It’s about time Grandma finally stood up to Eminem.
A 70-year-old California woman is suing the rap superstar, claiming he illegally sampled a section of music from her late husband’s film score for his 1999 debut, The Slim Shady LP, the Smoking Gun Website reports.
The suit, filed in federal court last month on behalf of Harlene Stein, accuses Eminem (real name Marshall Mathers) and his mentor Dr. Dre (aka Andre Young) of swiping a 24-second instrumental cue titled “Pigs Go Home” from her hubby Ronald Stein’s composition for 1970’s Getting Straight, a flick starring Elliot Gould and Candice Bergen, for Em’s tune “Guilty Conscience.”
The complaint notes that the grandmother-of-five, who inherited Ronald Stein’s publishing rights upon his death in 1988, has not seen a dime from the piece’s unauthorized use, despite the cue being present in all of the versions of the song released worldwide as well as in the hip-hopster’s video.
“Plaintiff has lost substantial revenue from Defendants’ unlawful and willful copying of the Cue, their failure to remit to Plaintiff her rightful share of income generated from the song “Guilty Conscience,” and their failure to obtain licenses from Plaintiff for their uses of the Cue,” read court papers.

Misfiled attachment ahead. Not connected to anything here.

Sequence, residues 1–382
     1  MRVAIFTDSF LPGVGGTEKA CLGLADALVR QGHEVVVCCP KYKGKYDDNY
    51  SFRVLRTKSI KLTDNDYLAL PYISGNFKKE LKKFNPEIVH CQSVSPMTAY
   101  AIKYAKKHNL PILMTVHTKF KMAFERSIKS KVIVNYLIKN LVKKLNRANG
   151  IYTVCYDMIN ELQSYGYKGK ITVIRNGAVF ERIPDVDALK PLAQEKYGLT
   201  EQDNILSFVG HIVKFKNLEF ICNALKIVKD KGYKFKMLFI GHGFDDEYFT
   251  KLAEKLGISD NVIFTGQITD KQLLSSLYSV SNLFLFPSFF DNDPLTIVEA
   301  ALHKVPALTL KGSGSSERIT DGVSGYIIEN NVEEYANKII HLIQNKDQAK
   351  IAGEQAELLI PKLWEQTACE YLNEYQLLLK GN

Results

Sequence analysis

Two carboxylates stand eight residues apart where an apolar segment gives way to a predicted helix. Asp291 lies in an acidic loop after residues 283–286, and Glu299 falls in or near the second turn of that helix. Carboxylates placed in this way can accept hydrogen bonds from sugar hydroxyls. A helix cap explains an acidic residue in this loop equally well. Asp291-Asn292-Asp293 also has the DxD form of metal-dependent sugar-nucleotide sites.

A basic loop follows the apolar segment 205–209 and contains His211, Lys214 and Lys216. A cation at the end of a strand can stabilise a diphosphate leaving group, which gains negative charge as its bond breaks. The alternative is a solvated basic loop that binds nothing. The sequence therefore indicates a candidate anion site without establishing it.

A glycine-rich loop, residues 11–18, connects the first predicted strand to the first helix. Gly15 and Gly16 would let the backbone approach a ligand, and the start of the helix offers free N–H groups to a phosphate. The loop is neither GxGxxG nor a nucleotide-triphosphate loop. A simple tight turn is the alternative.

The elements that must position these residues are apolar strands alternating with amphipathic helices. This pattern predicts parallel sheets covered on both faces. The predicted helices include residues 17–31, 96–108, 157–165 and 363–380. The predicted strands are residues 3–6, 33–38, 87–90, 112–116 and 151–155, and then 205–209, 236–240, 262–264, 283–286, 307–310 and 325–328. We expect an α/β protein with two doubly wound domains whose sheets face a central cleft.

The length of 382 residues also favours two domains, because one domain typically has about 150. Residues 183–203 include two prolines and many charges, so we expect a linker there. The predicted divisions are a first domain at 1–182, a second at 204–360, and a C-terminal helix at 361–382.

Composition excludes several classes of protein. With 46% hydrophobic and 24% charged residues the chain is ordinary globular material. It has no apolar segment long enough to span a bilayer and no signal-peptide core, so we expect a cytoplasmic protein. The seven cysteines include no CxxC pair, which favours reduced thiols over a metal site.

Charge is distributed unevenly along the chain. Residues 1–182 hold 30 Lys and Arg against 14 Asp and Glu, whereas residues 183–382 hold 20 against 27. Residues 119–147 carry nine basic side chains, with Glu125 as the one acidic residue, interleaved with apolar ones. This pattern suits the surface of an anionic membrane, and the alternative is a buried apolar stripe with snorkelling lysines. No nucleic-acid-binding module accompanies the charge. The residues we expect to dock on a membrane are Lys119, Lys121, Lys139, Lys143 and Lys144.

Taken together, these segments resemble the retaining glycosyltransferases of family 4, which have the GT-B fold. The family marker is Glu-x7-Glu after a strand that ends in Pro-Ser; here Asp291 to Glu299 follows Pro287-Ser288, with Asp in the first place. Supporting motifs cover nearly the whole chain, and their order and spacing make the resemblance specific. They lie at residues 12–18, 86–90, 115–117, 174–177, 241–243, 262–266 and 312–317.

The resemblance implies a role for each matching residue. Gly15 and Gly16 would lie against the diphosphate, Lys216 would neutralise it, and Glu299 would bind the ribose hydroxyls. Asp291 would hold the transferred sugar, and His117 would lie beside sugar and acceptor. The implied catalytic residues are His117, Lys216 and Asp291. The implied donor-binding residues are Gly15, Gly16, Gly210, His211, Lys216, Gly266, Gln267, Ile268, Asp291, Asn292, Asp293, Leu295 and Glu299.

The suit goes on to add that in the liner notes for The Slim Shady LP, Eminem also failed to properly credit her husband, instead acknowledging that “Guilty Conscience” contains “an interpolation” from “Pigs Go Home.”
The complaint, which also named in the complaint were EMI and several of Eminem and Dr. Dre’s related music companies, did not specify how much Harlene Stein is seeking in damages. Instead, it demanded a full accounting of profits on the track from Eminem’s camp to determine the award amount the trash-talking rapper’s label, EMI, would have been required to pay for the sample. The suit also seeks additional damages for the copyright infringement.
Reps for Eminem were not available to comment on the suit.
This isn’t the first occasion Slim Shady’s been accused of losing himself in other people’s music.
In April of 2002, French jazz artist Jacques Loussier also filed a $10 million copyright infringement suit against Eminem, claiming he stole parts of his tune, “Pulsion,” for his violent tirade on the track, “Kill You,” off 2000’s Grammy-winning album The Marshall Mathers LP.